New service “Oasis” in desert of student life

Crystal Hohenthaner

Crystal Hohenthaner

Oasis, a new ministry for college students in the Brookings area, offers a time and place for students to spiritually connect and unwind.

Sunday nights at 8 p.m. the service is held at Brookings Wesleyan Church’s (BWC) Fellowship Hall. To prepare for the service each week the hall is decorated with candles, soft lighting, fabric tablecloths and draperies to create a peaceful homey mood. In fact, early comers can even snag seats on a few couches in the hall. Students who attend the service describe it as comfy and peaceful.

The man behind the scenes of Oasis, Rick Wipf, BWC’s college pastor, says, “Oasis is basically designed to be a place of rest, renewal and refreshment. You can come after a busy week and rest in god’s presence.”

The service consists of prayer and worship as well as a short devotional. Wipf describes the service as a blend of church styles.

“We have a lot of contemporary stuff but we also include hymns and choruses,” Wipf says.

The service also incorporates creeds and serves communion once a month.

“I would call it a next-gen type of service,” Wipf says.

The first Oasis service was help Jan. 23, but Wipf says the idea for the service has been in the works for a long time.

“The first time I had the idea was last May,” he says. “I was feeling like we needed to expand our college services.”

Over the summer others started to “catch the vision” for Wipf’s idea. Much of the eight months of planning was spent in prayer. Wipf was also concerned about finding talented and spiritually strong band members.

“So much of Oasis is singing and worship so they [the band] had to be good,” Wipf says. “It was a lot easier to find the band than I thought it would be.”

The major element of the service, the devotionals, required quite a bit of thought as well. The topics of the devotionals are meant to personally apply the messages BWC covers in their Sunday Morning Services. The devotionals are also connected to the Oasis prayer time.

“It’s kind of like here’s some stuff to think about and pray about,” Wipf says.

Evan Delaney, an integral part of Oasis’ “talented” band, is freshman music major from Brookings.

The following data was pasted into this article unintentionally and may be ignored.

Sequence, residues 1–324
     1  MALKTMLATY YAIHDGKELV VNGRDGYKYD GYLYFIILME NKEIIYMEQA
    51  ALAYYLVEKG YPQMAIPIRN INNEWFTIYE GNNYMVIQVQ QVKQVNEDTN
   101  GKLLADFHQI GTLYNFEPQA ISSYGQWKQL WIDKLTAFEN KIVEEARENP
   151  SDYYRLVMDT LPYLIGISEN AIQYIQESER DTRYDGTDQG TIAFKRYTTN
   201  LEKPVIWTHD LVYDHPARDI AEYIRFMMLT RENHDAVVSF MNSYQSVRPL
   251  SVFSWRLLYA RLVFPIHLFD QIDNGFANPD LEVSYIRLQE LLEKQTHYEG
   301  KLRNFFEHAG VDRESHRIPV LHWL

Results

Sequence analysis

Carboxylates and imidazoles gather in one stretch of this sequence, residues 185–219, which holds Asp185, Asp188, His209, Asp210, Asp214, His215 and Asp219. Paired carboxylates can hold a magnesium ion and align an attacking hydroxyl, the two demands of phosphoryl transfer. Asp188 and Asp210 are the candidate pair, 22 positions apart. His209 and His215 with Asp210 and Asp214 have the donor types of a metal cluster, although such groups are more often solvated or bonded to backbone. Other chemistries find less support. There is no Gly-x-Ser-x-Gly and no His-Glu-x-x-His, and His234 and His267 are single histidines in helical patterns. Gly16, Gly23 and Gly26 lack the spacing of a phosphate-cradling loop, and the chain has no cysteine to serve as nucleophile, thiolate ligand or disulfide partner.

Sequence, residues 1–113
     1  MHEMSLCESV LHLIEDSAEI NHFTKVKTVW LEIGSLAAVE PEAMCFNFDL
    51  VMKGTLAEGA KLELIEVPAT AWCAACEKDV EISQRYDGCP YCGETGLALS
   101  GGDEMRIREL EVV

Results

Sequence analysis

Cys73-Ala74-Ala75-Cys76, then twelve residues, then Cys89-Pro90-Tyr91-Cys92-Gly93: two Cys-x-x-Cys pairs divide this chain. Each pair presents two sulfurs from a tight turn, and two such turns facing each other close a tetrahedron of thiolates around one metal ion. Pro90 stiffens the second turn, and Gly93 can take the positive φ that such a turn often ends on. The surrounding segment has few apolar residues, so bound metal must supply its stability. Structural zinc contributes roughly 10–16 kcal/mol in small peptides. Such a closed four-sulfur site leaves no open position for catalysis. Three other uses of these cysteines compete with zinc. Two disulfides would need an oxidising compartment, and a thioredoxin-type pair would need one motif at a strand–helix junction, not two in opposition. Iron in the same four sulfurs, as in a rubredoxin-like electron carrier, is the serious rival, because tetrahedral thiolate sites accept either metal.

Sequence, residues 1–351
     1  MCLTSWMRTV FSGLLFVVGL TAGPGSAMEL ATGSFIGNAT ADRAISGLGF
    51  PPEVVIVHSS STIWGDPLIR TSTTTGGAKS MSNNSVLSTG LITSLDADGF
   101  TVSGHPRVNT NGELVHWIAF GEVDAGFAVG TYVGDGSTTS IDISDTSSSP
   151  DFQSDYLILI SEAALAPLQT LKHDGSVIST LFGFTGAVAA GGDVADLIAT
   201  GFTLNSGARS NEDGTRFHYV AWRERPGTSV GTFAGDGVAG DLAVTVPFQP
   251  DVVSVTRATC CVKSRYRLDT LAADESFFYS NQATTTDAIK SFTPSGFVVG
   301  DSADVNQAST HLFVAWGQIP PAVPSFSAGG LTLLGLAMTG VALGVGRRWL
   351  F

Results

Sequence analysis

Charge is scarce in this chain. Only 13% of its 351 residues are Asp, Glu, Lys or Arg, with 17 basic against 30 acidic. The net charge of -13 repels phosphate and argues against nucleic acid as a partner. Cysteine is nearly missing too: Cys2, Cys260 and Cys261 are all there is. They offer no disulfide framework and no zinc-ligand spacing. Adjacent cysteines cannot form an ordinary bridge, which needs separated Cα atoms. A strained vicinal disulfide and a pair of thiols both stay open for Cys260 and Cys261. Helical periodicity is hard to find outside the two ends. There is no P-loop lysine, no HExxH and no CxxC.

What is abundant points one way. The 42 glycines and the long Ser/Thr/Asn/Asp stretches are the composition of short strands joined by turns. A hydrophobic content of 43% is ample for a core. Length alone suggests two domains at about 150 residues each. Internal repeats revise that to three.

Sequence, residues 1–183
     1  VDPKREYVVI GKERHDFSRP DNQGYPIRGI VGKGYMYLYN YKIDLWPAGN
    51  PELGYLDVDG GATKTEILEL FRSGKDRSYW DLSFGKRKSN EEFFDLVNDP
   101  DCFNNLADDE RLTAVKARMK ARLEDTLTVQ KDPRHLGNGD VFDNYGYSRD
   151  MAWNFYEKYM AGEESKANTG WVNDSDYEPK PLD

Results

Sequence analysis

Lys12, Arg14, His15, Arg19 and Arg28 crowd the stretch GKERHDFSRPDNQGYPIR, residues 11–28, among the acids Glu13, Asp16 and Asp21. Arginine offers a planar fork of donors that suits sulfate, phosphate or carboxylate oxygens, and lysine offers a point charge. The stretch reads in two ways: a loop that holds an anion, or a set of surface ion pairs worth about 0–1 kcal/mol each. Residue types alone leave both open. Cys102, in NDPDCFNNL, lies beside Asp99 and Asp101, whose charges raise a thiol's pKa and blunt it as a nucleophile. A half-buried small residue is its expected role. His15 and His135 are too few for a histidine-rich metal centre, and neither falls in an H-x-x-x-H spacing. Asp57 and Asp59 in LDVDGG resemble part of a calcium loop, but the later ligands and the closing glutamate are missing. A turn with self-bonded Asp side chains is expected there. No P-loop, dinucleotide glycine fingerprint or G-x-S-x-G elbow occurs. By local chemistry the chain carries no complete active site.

“As worship leader, I organize the music and prayer time and I decide who plays and sings when,” Delaney says.

Delaney’s goal for the music is to help people to establish a worshipful connection with God.

“Oasis services are about an hour-long gathering, to just help people release some of the tensions of the day or week relating to school, work relationships, and just basically whatever can build up bog down the mind,” Delaney says. “It is meant to rebuild and refresh.”

The worship group is comprised of college age individuals from all of the out reach groups on campus including, Navigators, Campus Crusade and InterVarsity.

Michelle Westerbur, a junior parks management major from Ihlen, Minn., says she likes the worship but not just because of the band.

“Even though the band does a fantastic job,” Westerbur says. ‘I like the mix of prayer and worship that makes for a really restful environment.”

Westerbur uses Oasis as a escape from the difficulties of college life.

“If you’re really overloaded,” she says, “it’s a good retreat and a good place to drop your burdens and meet with God.”

For Paisley Stewart, a sophomore early childhood education major from Brookings, Oasis is an encouragement.

“The atmosphere is a really laid back a peaceful setting,” Stewart says. “You are able to worship the way you want to whether that’s sitting and bowing or if you want to stand up and raise your hands. Oasis is a good time to concentrate and focus on God.”

#1.885340:1311665552.jpg:Oasis.jpg:During practice graduate student Alaina Burt closes her eyes in worships as she plays the bass for OasisĀ“ praise band.: